cooperating group of attacker nodes."
So if an attack had enough computing power they could take over. However this is not likely unless it originates from the network that is currently there now.
The network is far too big to be overwelmed by any new outside group.
A sell off
Each coin that is mined takes more and more computing power. So obviously the early mining took little time to produce.
So Satoshi or whoever started it, mined a million bitcoin to start the ledger off.
If at some point they reappeared and sold off all those bitcoin, say good buy to this crypto currency.
How Many Bitcoins Have Been 'Lost' Forever? | Seeking Alpha
This thing was so allover the place in its history they are saying 25% of the coins are lost.
Even still, a major sell off by a hedge fund or someone who had bought a lot early on could kill it as a store of wealth when all the new money gets scared and follow suit.
There was a lot of market manipluation throughout its history, but there is enough money in there now that this is harder to do. Still a big player could fuck it up.
Net neutrality/Political will/Banking and hedge funds pull the plug
If the ISP's and corporations take over the net completely, and the political will behind it, they could attack it.
Or the political will and the banks take a hard line with the hedge funds etc.. and or tax the crap out of all this, which is coming either way.
However this may only effect the west, and not the east, or it may just means bitcoin gets hit and we get a more level field with regard the cryptos alongside a more official global SDR backed by blockchain/basket of currencies.
However if it is more like Ripple, which i would assume it is
White paper on https://ripple.com/files/ripple_consensus_whitepaper.pdf
it would be a public trusted network, eg. centralised network, and so access controlled by the government itself.
So it is unlikely that a 51% attack could happen as anyone acting out of order would no be allowed into the network.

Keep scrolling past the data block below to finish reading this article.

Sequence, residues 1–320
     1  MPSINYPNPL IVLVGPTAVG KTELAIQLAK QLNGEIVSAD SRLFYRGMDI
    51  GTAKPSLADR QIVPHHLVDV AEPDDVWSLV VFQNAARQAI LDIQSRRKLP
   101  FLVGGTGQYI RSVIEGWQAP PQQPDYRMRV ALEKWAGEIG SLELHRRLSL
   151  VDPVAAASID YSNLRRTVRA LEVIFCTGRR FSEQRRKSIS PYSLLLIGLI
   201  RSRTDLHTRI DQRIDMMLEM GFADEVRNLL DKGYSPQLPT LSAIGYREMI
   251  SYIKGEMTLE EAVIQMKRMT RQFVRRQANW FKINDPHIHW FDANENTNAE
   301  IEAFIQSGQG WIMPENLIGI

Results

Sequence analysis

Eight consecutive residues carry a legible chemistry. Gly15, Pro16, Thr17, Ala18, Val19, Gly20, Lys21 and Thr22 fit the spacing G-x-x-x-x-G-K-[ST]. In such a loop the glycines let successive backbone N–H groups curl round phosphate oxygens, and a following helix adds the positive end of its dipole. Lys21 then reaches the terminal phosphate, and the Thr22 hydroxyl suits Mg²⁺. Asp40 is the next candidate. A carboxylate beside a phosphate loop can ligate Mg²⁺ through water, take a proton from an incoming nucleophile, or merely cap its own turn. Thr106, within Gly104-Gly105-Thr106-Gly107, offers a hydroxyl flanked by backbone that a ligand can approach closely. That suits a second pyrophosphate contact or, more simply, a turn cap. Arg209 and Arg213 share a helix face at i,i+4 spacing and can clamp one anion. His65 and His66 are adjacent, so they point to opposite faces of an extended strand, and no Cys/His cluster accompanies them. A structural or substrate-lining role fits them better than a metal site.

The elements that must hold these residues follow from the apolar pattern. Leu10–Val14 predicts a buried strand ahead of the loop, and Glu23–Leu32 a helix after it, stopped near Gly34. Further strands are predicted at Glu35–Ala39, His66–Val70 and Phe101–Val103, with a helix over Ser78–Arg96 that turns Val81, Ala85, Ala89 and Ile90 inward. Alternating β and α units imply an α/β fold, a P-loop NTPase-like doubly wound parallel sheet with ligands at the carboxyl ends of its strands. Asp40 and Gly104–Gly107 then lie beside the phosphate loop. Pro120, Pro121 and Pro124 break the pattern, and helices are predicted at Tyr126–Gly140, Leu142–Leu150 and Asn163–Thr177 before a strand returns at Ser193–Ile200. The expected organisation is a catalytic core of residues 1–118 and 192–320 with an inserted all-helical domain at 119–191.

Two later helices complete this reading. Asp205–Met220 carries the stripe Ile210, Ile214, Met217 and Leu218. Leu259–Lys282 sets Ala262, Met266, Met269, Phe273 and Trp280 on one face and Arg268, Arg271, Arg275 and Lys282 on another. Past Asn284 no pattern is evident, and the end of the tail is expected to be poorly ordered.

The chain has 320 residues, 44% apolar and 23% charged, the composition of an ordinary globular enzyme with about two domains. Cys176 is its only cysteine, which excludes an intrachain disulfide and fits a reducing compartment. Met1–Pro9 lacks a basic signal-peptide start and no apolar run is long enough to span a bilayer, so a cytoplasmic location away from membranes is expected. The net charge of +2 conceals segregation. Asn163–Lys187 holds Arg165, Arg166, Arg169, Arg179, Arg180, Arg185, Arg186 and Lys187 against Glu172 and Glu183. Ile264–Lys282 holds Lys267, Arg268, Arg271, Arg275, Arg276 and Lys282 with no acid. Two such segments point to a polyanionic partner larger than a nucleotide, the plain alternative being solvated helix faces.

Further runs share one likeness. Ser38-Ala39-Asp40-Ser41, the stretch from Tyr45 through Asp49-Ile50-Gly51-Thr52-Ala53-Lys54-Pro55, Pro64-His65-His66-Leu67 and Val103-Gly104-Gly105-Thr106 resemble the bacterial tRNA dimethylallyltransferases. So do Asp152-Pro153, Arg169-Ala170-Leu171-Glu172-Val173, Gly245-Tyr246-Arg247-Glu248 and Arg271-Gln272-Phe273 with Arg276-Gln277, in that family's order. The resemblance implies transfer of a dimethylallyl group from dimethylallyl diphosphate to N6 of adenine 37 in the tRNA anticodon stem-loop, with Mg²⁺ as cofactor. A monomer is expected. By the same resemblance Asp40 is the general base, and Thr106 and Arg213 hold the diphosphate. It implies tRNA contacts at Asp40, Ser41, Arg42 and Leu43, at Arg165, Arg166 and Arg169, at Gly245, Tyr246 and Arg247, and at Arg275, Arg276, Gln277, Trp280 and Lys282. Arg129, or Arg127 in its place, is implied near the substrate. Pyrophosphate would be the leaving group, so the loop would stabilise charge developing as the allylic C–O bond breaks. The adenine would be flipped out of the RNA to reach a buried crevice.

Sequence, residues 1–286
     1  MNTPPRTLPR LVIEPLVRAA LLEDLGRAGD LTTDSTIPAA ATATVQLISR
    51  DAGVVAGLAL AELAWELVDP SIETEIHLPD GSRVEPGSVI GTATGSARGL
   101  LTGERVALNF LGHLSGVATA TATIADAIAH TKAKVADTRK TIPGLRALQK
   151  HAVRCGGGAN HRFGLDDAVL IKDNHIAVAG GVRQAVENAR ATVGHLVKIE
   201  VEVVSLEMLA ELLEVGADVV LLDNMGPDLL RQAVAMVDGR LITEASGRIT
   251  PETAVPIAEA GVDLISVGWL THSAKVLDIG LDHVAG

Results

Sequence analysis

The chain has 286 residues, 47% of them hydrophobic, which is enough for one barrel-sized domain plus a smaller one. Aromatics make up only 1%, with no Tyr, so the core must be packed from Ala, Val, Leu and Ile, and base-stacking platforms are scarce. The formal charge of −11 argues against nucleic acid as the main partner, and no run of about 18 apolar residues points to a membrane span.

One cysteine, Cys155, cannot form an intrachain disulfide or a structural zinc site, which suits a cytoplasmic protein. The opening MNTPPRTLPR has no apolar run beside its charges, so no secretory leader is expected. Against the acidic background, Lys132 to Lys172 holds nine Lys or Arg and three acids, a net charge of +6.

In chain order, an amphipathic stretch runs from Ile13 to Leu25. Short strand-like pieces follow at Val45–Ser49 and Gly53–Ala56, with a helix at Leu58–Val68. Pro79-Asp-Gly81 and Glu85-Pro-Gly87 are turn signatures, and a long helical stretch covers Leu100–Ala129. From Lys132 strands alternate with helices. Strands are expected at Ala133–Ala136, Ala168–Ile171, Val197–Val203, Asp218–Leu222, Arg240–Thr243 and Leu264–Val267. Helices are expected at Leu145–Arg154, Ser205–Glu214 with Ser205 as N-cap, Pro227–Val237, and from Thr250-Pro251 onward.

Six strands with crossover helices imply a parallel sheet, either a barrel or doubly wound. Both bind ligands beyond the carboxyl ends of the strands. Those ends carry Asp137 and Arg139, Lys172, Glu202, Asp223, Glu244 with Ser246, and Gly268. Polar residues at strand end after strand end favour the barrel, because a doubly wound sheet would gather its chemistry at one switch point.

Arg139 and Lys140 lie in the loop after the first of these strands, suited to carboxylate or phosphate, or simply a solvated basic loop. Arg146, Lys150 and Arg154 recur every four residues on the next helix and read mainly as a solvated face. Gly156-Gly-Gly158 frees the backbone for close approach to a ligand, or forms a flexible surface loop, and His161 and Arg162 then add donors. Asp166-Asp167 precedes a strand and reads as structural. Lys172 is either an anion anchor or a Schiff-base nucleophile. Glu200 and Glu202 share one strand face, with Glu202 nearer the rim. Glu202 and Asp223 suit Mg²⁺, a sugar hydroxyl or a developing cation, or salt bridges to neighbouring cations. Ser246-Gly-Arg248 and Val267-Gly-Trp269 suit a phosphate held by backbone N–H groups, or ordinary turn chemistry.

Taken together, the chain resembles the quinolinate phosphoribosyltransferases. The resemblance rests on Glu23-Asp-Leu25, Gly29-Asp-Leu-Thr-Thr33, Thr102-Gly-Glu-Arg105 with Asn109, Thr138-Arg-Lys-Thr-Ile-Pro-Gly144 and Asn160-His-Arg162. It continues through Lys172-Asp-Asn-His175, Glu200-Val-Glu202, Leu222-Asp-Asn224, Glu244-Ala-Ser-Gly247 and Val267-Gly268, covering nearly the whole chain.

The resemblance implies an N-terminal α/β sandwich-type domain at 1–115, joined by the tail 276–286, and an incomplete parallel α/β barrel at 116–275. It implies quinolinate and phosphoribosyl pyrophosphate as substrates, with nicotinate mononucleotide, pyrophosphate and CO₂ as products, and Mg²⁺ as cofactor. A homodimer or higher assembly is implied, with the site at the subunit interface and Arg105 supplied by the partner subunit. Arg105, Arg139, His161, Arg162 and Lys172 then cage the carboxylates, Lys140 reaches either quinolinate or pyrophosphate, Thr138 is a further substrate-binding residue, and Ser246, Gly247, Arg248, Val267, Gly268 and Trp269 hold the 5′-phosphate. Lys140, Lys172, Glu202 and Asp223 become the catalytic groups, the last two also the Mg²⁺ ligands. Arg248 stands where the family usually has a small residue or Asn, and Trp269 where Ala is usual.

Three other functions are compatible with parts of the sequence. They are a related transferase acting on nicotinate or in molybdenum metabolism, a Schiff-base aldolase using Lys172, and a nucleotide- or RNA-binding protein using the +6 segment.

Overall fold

The SHA is still relevant. As well as the market manipulation and outside forces not so much if it is to be used internally, but if its
As an aside
Is gold a currency ?
In certain countries it can be, as in people will accept it as payment, but in general it is a store of wealth or asset, that needs to be converted to a national currency to pay for things.
Bitcoin is the same, this may change over time, but it is not a currency.
Gold could be considered as money, as in it is a store of value and has maintained its value over long periods of time. How fungible or interchanable it can be specfific too what country your in, like above but it has a long track record and so people consider it as money mostly.
The issue with bitcoin is its new and due to the speculative nature and volatility and lack of interchangeability, it is hard to classify it as money.
Right now, Bitcoin in general is an asset like gold is and is higly speculative. Its value is based on brand and the amount of money that has been pumped into it.
Technically it has brand because of the number of people who have been backing/supporting it, this was where the hardwork in making the brand was done.
This is not what most people pumping money into it now see, they see the price on the market in general rising.
Saying that it has value because it costs more and more electricity to generate the next one is the cart before the horse.
You do not mine gold or drill for oil because it costs more and more as you get less. If it is cost effective you will mine/drill. Fuck all all to do with anything else.
The value is all down to what someone will pay for it today.
The primary reason that money is going into bitcoin is that there has been a global inflation of fiat around the world because the central banks are all printing money at the same time to prop up the global financial bubble.
Getting your money into something that keeps its value is the only counter, some people can invest in housing, some in gold some in crypto. Same thing the hedge funds are doing.
Most of the other crypto currencies act like they are tethered to bitcoin in some way or as an alternative to bitcoin.
Otherwise you will need to peg your crypto to a basket of currencies, or backed by gold/oil reserveres etc.. and so the value of such is dependent on more then brand, but on market values.
A lot of the issues above would not be a thing if the crypto is one that is one created by a government. If it says its a medium of exchange then the rest will quickly follow.
In today's world, gold is the highest power money. When things are going wrong, people want gold. The next highest power money is the US dollar. This is the world's reserve currency and has the most widespread acceptance of any fiat currency. But, being a fiat currency, it does not retain its value as gold does. We see that today it takes about 1270 US dollars to buy one ounce of gold, whereas in the early 2000s it only took about 350 US dollars. It isn't that gold has increased in value, its that the US dollar has lost two thirds of its value because it is being printed with nothing to back it up.